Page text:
Monthly Feature:


The Eternal Beauty of "Swan Lake"

By Marlene S. Gaylinn

While the Russian National Ballet Theatre is not the world famous Bolshoi, Elena Radchenko, a former Bolshoi soloist, directs this company of 50 dancers, which was formed in Moscow during the late 1980’s.Ballet fans will recall a delightful production of “Coppelia,” when this group performed it here in 2013. Now, you can enjoy what promises to be another lavish production of “Swan Lake” at Fairfield University’s Quick Center on April 10.

Swan Lake was a failure when it was first performed at the Bolshoi in 1877. However, with subsequent revisions it became more popular in Russia. In 1911, the ballet was arranged and first presented at the Metropolitan Opera House by this writer’s teacher, Mikhail Mordkin (originator of American Ballet Theatre). Mordkin, known as a highly dramatic, masculine dancer, performed in it as Prince Siegfried, and Katerina Geltzer, had the dual role of Odetta-Odile.

When one hears the term “classical ballet,” its no wonder that Swan Lake often comes to mind. The technically difficult, highly coveted role of Odetta, the “Swan Queen,” and her rival Odile, the “Black Swan” (usually performed by the same soloist) has been handed down by the best Russian dancers in ballet history: Anna Pavlova, Alexandra Danilova, Irina Baronova to name just a few favorites. These great dancers are all gone, but, the long list of new Swan Lake soloists continue to grow in other countries today.

(Photo: Members of the Russian National Ballet Theatre)


The Family-Friendly Bushnell


Disney's "Newsies" comes to Hartford in October. Photo by Deen van Meer

By Frank Rizzo

It will be an especially family-friendly Broadway series for Hartford's Bushnell Center for the Performing Arts.

Disney's "Newsies" (Oct. 13 to 18) and "Rodgers & Hammerstein's Cinderella" (Jan. 12 to 17) will strike a major chord with kids in the seven-show series, which was announced Monday night, March 16. And a third yet-to-be announced show that will play in May 2016 is expected to appeal to youngsters as well.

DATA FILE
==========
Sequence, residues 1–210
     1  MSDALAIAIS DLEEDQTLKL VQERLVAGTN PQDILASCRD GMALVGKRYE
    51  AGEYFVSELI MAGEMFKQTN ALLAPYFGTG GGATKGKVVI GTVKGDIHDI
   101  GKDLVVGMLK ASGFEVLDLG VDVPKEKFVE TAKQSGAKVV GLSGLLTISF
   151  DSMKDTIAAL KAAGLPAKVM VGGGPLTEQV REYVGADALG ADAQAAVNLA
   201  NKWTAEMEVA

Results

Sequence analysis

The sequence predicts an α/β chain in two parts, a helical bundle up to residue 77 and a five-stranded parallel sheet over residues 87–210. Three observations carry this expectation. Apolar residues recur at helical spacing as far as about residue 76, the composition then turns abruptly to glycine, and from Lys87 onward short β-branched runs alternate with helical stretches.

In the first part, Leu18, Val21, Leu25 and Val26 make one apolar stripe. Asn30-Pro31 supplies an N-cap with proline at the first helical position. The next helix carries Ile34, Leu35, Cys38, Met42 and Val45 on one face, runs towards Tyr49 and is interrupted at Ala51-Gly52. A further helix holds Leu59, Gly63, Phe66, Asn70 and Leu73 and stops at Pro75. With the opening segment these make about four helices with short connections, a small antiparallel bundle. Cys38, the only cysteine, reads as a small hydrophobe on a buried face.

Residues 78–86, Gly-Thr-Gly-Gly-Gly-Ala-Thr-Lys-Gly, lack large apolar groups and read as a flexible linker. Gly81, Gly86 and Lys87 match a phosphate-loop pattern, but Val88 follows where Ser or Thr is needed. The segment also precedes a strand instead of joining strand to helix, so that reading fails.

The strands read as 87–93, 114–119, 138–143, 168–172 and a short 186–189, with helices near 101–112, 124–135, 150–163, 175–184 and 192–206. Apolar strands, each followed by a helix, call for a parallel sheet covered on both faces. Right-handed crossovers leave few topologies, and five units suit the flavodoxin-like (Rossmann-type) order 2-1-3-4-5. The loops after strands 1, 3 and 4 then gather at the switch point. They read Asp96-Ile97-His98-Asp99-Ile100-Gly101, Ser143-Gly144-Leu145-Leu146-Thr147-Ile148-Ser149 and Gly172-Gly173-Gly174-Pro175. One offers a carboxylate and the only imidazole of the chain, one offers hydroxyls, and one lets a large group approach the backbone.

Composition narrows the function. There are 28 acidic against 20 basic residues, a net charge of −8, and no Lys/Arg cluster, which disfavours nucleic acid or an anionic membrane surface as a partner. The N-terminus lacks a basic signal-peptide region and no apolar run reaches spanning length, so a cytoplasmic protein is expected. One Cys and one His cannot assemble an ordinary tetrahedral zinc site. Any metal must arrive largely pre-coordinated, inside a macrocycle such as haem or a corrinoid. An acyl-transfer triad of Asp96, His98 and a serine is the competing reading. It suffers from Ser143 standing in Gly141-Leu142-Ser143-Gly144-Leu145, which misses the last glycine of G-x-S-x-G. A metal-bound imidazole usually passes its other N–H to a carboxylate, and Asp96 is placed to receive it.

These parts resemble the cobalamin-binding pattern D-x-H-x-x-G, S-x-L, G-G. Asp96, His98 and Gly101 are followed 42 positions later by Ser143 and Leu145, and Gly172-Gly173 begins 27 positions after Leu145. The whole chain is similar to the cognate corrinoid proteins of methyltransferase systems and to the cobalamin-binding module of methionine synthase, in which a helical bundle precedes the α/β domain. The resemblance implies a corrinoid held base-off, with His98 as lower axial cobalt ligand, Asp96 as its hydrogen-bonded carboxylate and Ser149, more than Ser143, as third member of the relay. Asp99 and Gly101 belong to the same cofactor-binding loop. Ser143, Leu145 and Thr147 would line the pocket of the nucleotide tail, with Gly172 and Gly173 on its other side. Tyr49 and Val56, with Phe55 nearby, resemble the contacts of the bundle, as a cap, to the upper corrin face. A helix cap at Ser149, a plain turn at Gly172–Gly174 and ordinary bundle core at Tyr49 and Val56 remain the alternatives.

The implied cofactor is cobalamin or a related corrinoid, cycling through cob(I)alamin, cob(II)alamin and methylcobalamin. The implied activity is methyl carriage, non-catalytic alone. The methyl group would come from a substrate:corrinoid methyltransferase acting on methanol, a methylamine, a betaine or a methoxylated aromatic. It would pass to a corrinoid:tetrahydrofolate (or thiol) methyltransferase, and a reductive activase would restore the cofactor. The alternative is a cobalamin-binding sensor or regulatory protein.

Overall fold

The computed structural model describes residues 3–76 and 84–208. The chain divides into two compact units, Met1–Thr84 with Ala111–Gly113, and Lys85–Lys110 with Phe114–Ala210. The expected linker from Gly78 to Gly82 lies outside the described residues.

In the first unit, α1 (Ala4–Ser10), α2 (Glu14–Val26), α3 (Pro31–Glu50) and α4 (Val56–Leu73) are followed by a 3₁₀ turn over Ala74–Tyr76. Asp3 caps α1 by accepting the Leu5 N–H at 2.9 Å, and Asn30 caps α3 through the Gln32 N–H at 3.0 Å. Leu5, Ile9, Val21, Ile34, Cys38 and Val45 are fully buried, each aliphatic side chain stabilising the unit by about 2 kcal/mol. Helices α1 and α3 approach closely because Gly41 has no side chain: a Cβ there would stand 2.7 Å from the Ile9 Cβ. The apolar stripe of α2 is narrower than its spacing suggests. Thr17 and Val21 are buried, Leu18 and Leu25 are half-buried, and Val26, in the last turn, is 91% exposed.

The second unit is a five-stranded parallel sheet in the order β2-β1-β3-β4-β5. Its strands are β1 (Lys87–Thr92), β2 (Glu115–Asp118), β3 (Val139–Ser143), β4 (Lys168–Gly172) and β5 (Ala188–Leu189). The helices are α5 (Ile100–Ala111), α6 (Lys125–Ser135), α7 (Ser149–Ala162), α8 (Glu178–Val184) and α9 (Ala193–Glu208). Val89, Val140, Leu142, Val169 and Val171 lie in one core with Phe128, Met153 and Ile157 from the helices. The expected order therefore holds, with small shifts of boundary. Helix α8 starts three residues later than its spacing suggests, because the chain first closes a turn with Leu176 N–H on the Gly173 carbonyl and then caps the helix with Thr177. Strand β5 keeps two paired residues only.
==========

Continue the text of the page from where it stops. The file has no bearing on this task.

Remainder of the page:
The tour of "Newsies" had its Connecticut premiere at Waterbury's Palace Theater last fall and was a big hit there. The tour of Broadway's "Matilda," based on the Roald Dahl children's book — another show that appeals to youngsters — makes its Connecticut bow at New Haven's Shubert Theater May 16 to 23. The Bushnell will announce its third kid-centric show May 25


Articles of Interest:


Blogs and Websites of Interest

Blogs about Connecticut theater, movie reviews, and the arts.

Zander Opper

Joe's Views -- Joe Meyers' Blog

Artes Magazine -- fine art, architecture, design and theater

Back Stage Buzz - current and archived interviews with CT artists -- movie reviews

CT Arts Connection

WMNR Fine Arts Radio (Rosalind Friedman's Review) (Frank Rizzo reviews)

www.reflectionsinthelight (Lauren Yarger reviews) (Irene Backalenick/David Rosenberg reviews)

Stu On Broadway -- Reviws and comments

Two on the Aisle -- NYC and Connecticut Theater News and Reviews



A "Sneak Peek" at WCP's new Season

By Geary Danihy

The Westport Country Playhouse held a sneak preview of its upcoming season on Thursday, March 19, at the Playhouse. The venue’s current tag line is: “Theater Worth Talking About,” and that is what Mark Lamos, the Playhouse’s artistic director, and several guests did: they talked about aspects of the upcoming season, starting a conversation that will hopefully last until Arthur Miller’s “Broken Glass” closes on October 24, and perhaps even longer.

Lamos began the proceedings by commenting that the upcoming season “is all about family,” for each of the plays, in one way or another (if one broadens the definition of “family”), is about the conflicts and controversies, joys and sorrows, that vitalize and vitiate family life. However, Lamos’s use of the word extended beyond the plays chosen, for many of the actors and creative team members who will be involved in the upcoming productions have worked at the Playhouse before, and many of the playwrights have previously been featured on this venerable stage.

For Lamos, the concept of “family” extends beyond those involved in the productions to embrace the audience, for it is for the people sitting in the theater that all of this effort will be put forth and from whom the rewards and satisfaction will be garnered. From playwrights to actors to directors to creative team members to audience, it is a community eager (perhaps, at times, given our growing isolation, even desperate) to communicate on a human, visceral level.

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